Sunday, 27 June 2010

How seriously should we take the recent report from the RCOG claiming that fetuses cannot feel pain until 24 weeks gestation? Not very!

‘A fisherman once told me that fish have neither sense nor sensation, but how he knew this he could not tell me’ (Bertrand Russell)

In a House of Lords debate on abortion in November 2007, Lord Clarke, commented, ‘I do not know whether fish feel pain or not, but (Bertrand) Russell's point was that we should be very wary of drawing our conclusions on this matter solely from those who have a vested interest in the fishing industry. The 6.7 million abortions carried out in this country since 1967 have been performed by doctors; most of whom are members of the Royal College of Obstetricians and Gynaecologists and many of them benefit financially from the process. Might this be a subtle way of influencing their interpretation of the data? Would we not be wary about seeking opinions about the link between smoking and lung cancer only from employees in the tobacco industry?’

It will come as no surprise to many that the RCOG, whose members carry out virtually all Britain’s late abortions, has just concluded in a new report that babies at 18-24 weeks gestation are in a continual state of sleep and lack the neurological apparatus necessary to feel pain. How very convenient. Not that many will see it as relevant to the debate at all. Is it any less wrong, they will ask, to take someone’s life when they are anaesthetized or sleeping, than when they are awake?

But regardless of what view we might take on that, mothers feeling their babies kicking at 16-20 weeks, and indeed all parents who have witnessed their progeny on a routine 18 week scan, sucking their thumbs, scratching their noses or yawning, will intuitively feel unsettled by this new report – and rightly so.

We know that babies at this gestation react to noxious stimuli in the same way that you or I would, by reflex withdrawal and stress hormone secretion. Of course this does not necessarily prove that they are feeling pain in the same way; but one might reasonably feel that they should at least be given the benefit of any doubt. Not so says the RCOG.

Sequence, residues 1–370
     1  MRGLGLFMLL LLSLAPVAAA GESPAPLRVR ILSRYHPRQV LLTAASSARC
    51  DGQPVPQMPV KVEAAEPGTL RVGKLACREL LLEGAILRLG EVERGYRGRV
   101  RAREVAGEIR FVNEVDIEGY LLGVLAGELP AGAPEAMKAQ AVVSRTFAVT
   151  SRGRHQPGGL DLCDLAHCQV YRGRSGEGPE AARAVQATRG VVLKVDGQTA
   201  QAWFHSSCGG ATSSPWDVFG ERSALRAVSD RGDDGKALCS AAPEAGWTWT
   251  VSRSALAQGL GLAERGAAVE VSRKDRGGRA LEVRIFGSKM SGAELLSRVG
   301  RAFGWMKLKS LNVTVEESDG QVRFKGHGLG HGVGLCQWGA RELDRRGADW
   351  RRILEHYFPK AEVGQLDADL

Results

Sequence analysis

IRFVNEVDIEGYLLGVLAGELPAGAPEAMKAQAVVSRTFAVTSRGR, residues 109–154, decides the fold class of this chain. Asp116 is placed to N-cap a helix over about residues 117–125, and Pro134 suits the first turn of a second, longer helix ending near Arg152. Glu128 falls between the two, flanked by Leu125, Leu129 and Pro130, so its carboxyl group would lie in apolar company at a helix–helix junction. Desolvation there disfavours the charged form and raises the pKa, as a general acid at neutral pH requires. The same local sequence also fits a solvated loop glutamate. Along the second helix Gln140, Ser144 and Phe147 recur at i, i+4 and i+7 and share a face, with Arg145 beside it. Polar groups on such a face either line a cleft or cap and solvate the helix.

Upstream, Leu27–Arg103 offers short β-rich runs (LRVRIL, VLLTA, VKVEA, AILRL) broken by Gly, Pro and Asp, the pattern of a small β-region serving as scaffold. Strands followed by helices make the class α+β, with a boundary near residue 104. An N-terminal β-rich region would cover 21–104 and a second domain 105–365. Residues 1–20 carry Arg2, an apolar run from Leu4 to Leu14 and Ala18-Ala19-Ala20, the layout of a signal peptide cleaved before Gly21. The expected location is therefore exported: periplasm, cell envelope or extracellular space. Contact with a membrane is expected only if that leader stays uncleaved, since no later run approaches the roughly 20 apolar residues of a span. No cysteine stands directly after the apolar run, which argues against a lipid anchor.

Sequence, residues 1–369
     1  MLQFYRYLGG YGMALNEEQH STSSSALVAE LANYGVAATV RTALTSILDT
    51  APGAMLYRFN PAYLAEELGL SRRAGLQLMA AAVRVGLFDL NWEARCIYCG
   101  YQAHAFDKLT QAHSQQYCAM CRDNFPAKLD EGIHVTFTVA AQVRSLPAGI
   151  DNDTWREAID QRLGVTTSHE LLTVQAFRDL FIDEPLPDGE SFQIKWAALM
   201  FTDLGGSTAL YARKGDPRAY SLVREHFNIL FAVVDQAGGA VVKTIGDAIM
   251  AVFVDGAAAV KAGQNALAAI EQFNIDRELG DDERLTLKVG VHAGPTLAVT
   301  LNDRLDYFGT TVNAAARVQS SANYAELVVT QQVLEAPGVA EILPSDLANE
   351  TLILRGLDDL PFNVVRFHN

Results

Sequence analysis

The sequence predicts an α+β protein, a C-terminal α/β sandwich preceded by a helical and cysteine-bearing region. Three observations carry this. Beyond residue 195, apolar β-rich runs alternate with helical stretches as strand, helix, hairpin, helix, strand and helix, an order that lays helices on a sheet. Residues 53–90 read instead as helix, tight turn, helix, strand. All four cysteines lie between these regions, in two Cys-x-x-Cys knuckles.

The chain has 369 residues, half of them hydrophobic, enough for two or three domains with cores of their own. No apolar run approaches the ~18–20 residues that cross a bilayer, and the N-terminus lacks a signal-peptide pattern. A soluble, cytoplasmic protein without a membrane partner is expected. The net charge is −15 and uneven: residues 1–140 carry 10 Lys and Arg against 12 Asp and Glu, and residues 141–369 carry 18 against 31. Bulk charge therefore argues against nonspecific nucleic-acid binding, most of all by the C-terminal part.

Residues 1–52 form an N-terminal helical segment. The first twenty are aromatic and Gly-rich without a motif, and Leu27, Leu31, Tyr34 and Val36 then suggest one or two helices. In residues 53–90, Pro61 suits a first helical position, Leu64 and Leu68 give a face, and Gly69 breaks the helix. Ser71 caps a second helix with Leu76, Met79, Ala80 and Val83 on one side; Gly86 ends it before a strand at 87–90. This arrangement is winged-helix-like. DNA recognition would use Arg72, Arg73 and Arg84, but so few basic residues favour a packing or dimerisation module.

The two researchers the RCOG wheel out whenever they are challenged on this issue, Maria Fitzgerald and Stuart Derbyshire, argue as follows: ‘Pain sensation requires neural pain pathways reaching the cerebral cortex. This doesn’t happen until 24 weeks gestation. Therefore pain cannot be felt until then.’

This sounds logical enough, but is it really that simple? Are these neural connections really necessary in order for pain to be felt at all? Not all experts agree. As the report acknowledges in its small print (but noticeably not in its loudly trumpeted conclusions) there is a significant body of expert opinion that does not concur with the idea that pain sensation requires higher cortical connections. These other experts, as actually acknowledged in the body of the report, express ‘disquiet in denying a rawer, more primitive, form of pain or suffering that the fetus, neonate and many animals might experience’.

The references in the paper are to the work of none other than leading fetal pain authority Professor KJS (Sunny) Anand, from the University of Arkansas, whose evidence to the House of Commons Science and Technology Committee was similarly marginalized and ignored in 2007, as highlighted in a highly publicized minority report written by two of its MP members.

But you will not learn any of this detail from the BBC and most newspapers. The general public is rather being sold the lie that there is no doubt about this at all. Nor will you learn, other than from the small print in the report itself, that the ‘evidence’ that the fetus is ‘asleep’ in the womb comes from studies in sheep rather than in humans. Professor Stuart Campbell, the UK’s leading authority on 4D fetal ultrasound, who has opened up the intricacies of life in the womb and could have shed light on the matter, was, like Anand, not consulted by the RCOG. No dissenting expert voices it appears were given any platform. The message and conclusions had to be clear and simple, unclouded by any nuance or uncertainty.

And so we have the RCOG once again cherry picking experts guaranteed to deliver convenient conclusions, and then selectively reporting them to a gullible media and public, in order to justify its historic position that babies killed by late abortion do not require pain relief and are by implication, not really sentient human beings worthy of any respect.


  1. Well put. I agree wholly that whether they feel pain or not is immaterial to the question of the morality of abortion. And, although I did not read the entire RCOG report, my first impression was that is was somewhat 'thin' evidence to make such a bold statement. Thanks!

  2. Astonishing.I wonder if it's true.How it can be possible.I think the fisherman should not be given much of importance.


  3. This comment has been removed by a blog administrator.


Note: only a member of this blog may post a comment.